Speaker Yael Braun-Pivet, who is from President Emmanuel Macron's centrist party but is officially neutral, confirmed she would reject on constitutional grounds the bid to introduce new legislation, infuriating its backers.
Speaking to BFM television, she said an amendment proposed by the small LIOT faction in parliament and backed by left-wing parties would be declared "inadmissible".
She was alluding to Article 40 of the constitution, which bans legislative proposals from MPs that would add a burden to public finances.
Opponents of the pension reform had seen LIOT's parliamentary maneuver as their last hope of thwarting the changes, having previously tried and failed with an appeal to the country's constitutional court.
Reversing the increase in the retirement age, the key measure of Macron's hard-fought pension reform, would add billions to government spending, she said.
"You don't bend the constitution to please the opposition," government spokesman Olivier Veran said.
LIOT called the speaker's decision "an unprecedented attack on the rights of parliament."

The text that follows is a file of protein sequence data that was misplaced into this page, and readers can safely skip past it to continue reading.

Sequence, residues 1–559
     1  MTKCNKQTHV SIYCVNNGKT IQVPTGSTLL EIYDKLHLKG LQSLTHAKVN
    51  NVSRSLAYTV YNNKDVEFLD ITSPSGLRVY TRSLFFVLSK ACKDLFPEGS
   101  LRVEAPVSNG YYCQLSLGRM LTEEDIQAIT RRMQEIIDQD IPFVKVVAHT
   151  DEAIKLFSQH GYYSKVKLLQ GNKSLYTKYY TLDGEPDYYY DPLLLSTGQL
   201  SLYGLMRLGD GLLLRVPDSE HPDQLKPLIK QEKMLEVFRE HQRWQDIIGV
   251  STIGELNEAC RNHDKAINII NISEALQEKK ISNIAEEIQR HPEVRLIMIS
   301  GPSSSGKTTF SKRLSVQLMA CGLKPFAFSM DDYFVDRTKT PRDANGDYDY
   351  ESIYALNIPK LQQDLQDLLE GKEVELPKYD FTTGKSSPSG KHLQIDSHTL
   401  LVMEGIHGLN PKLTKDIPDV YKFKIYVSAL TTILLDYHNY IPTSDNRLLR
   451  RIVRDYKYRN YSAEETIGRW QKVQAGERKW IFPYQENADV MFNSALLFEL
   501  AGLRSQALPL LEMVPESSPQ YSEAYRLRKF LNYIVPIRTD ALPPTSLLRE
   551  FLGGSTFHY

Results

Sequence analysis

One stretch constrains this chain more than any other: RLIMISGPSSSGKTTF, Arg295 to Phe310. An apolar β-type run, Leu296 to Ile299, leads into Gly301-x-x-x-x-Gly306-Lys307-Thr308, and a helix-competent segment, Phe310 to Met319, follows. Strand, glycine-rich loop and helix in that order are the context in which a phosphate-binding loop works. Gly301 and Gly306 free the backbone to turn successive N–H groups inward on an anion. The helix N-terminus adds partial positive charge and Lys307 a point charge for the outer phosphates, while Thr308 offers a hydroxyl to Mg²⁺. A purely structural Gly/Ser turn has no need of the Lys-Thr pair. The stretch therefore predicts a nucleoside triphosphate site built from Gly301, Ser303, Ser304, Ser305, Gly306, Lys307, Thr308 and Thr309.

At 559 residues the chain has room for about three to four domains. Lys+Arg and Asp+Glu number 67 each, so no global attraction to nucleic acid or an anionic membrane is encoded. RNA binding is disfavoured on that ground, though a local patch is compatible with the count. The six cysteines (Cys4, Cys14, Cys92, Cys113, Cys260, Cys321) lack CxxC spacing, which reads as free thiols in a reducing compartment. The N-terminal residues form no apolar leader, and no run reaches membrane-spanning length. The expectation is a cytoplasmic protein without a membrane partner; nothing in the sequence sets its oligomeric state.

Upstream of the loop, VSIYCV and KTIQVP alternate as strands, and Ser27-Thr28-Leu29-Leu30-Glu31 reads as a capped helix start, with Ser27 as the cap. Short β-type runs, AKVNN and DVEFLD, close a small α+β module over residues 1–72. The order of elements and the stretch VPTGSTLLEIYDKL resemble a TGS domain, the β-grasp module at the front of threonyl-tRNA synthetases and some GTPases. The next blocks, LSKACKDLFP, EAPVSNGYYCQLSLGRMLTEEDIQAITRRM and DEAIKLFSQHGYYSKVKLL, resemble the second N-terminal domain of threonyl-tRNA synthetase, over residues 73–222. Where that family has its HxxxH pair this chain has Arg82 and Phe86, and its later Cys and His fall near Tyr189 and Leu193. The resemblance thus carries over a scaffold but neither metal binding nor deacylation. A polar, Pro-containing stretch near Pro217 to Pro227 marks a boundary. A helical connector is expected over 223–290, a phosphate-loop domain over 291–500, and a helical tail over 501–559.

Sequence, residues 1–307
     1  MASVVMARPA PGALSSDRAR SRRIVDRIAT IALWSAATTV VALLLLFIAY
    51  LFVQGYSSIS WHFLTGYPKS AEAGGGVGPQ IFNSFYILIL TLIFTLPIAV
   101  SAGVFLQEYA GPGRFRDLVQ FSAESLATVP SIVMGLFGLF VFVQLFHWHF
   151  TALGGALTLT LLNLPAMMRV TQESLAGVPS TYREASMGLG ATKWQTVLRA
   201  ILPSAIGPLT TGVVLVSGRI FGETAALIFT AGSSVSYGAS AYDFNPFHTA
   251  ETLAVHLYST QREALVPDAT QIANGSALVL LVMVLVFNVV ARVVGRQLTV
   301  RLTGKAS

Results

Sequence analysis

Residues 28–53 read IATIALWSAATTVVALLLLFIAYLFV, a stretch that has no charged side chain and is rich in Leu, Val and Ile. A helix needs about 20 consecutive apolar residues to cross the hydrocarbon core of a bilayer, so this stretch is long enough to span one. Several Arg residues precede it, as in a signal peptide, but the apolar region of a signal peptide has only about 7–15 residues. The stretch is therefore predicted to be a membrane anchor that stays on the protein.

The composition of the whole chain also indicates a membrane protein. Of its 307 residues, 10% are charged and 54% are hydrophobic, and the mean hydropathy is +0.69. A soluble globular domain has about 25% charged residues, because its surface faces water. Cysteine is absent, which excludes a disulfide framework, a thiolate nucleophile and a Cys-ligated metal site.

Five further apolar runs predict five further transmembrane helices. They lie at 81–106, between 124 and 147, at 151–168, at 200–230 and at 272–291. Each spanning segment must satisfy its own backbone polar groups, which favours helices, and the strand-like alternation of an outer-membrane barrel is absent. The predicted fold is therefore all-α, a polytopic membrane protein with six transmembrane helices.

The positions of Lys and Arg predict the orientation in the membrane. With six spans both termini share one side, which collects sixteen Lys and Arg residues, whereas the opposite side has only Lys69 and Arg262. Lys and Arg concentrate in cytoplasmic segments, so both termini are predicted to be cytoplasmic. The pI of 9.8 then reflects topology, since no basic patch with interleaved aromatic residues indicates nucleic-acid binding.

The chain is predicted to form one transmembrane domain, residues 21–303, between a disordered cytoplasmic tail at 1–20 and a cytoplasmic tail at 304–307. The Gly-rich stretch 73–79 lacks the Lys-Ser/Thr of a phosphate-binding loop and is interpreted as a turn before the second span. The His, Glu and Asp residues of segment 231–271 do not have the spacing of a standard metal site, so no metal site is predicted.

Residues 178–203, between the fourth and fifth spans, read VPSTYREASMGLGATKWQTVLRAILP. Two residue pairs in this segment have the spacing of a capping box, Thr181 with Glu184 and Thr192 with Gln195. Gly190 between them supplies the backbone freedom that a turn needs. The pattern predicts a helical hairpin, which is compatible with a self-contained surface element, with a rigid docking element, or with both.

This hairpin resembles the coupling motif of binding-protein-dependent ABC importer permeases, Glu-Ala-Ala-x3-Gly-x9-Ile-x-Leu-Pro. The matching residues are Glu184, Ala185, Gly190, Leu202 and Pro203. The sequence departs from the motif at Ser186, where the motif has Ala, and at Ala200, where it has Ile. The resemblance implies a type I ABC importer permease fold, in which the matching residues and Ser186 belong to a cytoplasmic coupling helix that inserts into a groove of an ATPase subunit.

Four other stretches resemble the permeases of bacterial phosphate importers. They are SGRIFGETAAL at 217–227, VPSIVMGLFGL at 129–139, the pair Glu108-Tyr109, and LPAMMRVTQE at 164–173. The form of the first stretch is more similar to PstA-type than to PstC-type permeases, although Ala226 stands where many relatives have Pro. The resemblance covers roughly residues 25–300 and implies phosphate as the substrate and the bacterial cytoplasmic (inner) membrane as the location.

Mathilde Panot, a senior figure from the hard-left France Unbowed (LFI) party, said that her group would submit a no-confidence motion and that discussions with partners were ongoing over the tactics to adopt.
"It's unacceptable for them to carry out such an act without there being a reaction," Panot said.
Senior Socialist party MP Boris Vallaud said different groups were debating the issue, while LIOT leader Bertrand Pancher said his MPs would decide later on Wednesday.
Observers said Prime Minister Elisabeth Borne's minority government risked losing a vote on the LIOT legislation, however, with left-wing parties, the far right and some centre-right MPs prepared to vote against the executive.
Panot said Braun-Pivet's decision was an admission of "fear" and accused her of failing to uphold the neutrality of her post.
The original legislation was rammed through the National Assembly in March without a direct vote using a controversial constitutional power that can be invoked by the prime minister.
The move led to accusations that Macron was riding roughshod over French democracy and public opinion, with around two-thirds of voters opposed to the changes, according to polls.
"The democratic cost will be larger than the economic cost they're hoping for," Vallaud said.